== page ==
Minister Farrakhan, The Human Conch Shell
Most people believe you can hear the ocean roar if you place a conch shell to your ear. I’ve always thought the sound was more like a steady and annoying wind, the kind that blows endlessly in no particular direction. When you think about it in that light, Louis Farrakhan is quite like a conch shell. If you placed his head to your ear you’d likely hear the same sound.
Farrakhan, never a stranger to controversy, created quite a stir with his recent ramblings about people killing their leaders, about Jesus, David, and Solomon — all Hebrews — being African, and about Jesus himself being a Muslim despite having preceding Mohammad by six centuries. It’s rhetorical flamboyance extraordinaire, but coming from Farrakhan it’s not surprising. For him to utter an odd word here and there is more the rule than the exception. However, even Farrakhan can exceed his own high standard for balderdash, and this is one of those times.
Sure, Farrakhan’s remarks warranted a certain amount of outrage. However, his greatest offense was his ignorance of, or absolute disregard for, reality. While defending his claim that Jesus was a black man — Jesus was a Jew and neither white nor black — Farrakhan said, “You are not trained to accept wisdom from a black person, no matter how wise that black person is.”
Oh Louis, how can you, a single man, be so wrong?
There are people who readily accept wisdom from black people. We call them conservatives. In fact, I would argue that a conservative’s pursuit of wisdom transcends the racial and ethnic spectrum. However, there’s a catch. Since the goal is to gain understanding, conservatives will ignore fools, henceforth defined as anyone who makes Jesse Jackson and Al Sharpton appear levelheaded. Mr. Farrakhan does just that, which is why he’s routinely dismissed as a certified nutcase.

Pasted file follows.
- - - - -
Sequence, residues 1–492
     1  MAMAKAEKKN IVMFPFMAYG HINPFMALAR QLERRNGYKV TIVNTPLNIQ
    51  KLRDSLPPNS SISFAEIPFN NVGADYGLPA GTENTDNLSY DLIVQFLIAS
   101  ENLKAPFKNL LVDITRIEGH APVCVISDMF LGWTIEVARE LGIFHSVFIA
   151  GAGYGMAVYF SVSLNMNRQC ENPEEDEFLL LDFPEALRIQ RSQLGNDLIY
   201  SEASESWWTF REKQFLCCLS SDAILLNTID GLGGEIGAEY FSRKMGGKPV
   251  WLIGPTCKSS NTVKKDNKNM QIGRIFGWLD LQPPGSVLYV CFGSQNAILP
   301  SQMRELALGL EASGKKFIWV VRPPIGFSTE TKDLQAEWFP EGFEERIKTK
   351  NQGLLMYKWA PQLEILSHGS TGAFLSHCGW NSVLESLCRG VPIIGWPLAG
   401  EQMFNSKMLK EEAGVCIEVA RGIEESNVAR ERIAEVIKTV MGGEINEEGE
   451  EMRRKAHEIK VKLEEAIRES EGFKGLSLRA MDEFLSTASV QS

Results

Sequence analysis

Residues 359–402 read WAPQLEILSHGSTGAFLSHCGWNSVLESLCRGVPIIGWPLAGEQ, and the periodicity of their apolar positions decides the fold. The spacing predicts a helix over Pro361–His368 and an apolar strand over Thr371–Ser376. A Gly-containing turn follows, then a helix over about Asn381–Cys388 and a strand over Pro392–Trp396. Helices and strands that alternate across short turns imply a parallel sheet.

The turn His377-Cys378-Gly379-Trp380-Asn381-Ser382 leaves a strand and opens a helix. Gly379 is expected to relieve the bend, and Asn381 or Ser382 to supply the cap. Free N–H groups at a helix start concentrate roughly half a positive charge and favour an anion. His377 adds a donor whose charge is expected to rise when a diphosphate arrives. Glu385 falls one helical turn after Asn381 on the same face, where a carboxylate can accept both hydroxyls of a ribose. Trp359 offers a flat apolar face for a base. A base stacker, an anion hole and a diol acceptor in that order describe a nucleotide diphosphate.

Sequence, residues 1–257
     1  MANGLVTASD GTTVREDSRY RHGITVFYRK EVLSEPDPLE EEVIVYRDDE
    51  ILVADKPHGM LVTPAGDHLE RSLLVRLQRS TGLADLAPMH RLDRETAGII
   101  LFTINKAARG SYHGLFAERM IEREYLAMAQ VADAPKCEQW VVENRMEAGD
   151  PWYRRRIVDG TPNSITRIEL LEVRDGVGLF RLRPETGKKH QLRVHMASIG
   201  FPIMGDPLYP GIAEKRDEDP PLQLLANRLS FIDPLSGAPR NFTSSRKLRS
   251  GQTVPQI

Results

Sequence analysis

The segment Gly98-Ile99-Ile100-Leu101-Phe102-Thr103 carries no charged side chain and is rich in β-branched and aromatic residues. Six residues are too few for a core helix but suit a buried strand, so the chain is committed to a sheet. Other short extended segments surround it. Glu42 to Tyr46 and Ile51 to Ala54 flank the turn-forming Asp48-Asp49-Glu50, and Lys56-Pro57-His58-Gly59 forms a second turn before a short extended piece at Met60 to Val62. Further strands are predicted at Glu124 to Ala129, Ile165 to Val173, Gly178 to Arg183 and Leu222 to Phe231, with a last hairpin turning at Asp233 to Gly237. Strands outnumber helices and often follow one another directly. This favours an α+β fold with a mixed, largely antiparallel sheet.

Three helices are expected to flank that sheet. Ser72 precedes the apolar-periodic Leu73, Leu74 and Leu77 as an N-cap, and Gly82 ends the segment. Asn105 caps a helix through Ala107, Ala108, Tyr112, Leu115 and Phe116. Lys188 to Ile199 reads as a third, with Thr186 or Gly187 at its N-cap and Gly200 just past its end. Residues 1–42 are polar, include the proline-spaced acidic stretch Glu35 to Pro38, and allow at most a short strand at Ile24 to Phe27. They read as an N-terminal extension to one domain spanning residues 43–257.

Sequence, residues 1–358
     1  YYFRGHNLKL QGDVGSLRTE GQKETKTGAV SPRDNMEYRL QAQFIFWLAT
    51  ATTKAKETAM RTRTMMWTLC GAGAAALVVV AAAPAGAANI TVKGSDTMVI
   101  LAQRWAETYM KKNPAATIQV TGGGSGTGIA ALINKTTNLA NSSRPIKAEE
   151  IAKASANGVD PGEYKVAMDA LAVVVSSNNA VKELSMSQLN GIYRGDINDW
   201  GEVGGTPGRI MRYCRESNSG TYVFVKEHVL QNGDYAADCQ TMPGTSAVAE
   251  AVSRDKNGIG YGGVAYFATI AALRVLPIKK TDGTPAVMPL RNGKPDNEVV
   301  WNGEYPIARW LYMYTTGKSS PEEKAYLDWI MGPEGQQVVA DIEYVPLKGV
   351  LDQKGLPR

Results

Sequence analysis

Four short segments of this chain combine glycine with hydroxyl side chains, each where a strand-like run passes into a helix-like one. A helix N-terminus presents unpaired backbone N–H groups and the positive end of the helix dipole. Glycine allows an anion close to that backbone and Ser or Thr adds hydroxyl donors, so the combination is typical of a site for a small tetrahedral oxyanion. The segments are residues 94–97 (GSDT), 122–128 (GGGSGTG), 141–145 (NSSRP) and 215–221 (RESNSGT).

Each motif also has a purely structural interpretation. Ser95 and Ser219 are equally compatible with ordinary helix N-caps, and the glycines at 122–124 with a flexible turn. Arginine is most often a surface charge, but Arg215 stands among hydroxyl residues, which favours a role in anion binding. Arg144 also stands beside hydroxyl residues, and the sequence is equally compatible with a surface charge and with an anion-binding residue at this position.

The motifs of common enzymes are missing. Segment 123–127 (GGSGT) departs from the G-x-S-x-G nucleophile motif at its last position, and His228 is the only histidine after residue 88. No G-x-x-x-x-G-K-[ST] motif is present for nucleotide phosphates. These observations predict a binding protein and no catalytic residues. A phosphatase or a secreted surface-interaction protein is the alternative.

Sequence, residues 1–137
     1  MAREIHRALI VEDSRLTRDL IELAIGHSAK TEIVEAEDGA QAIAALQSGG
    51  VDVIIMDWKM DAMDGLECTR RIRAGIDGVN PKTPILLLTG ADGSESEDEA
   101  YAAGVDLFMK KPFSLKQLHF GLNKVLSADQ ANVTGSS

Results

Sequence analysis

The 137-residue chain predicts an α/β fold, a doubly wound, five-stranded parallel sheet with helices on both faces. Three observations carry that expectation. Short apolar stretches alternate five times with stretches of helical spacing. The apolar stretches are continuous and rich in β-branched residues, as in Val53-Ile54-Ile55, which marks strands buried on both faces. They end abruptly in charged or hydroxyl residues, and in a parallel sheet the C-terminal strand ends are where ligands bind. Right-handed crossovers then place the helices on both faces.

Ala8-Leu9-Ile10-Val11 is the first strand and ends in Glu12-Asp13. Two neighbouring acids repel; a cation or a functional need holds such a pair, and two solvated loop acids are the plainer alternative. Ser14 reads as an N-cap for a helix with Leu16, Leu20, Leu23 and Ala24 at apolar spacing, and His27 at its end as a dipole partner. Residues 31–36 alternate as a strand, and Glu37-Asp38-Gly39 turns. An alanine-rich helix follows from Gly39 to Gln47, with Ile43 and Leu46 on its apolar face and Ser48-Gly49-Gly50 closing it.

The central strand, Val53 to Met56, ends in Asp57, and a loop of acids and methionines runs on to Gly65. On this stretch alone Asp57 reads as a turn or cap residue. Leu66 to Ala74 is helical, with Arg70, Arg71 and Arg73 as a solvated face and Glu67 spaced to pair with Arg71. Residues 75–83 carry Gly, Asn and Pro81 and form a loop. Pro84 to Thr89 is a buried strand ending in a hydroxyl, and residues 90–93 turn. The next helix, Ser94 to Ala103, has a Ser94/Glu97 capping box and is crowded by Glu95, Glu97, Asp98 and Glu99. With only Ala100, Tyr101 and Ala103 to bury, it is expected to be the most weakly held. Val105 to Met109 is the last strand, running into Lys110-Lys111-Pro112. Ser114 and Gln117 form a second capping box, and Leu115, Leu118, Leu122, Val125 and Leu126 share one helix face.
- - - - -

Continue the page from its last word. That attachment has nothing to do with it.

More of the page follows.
How can Farrakhan lodge such a charge when he himself ignores wise individuals who share his racial heritage but shun his divisive political ideology? For example, does Farrakhan accept wisdom from syndicated columnist and George Mason University economics professor Walter E. Williams? Does he read Thomas Sowell, a black man whose wisdom propels him to write editorials, scholarly essays, and books as easily as most of us tie our shoes? Does Farrakhan seek the wisdom of former Oklahoma Congressman J.C. Watts, or Supreme Court Justice Clarence Thomas, or Shelby Steele, or Kevin Jackson, or Star Parker?
While Farrakhan undeniably harbors delusions of intellectual grandeur and fancies himself a serious contributor to public discourse, his charge is as laughable as it is false. Maybe this tirade resulted from Farrakhan’s jealousy of black men and women who impart genuine wisdom with relative ease. But most likely his rhetoric results from a mind that exists in a vacuum, where the only sound is the steady and annoying wind that blows endlessly in no particular direction.
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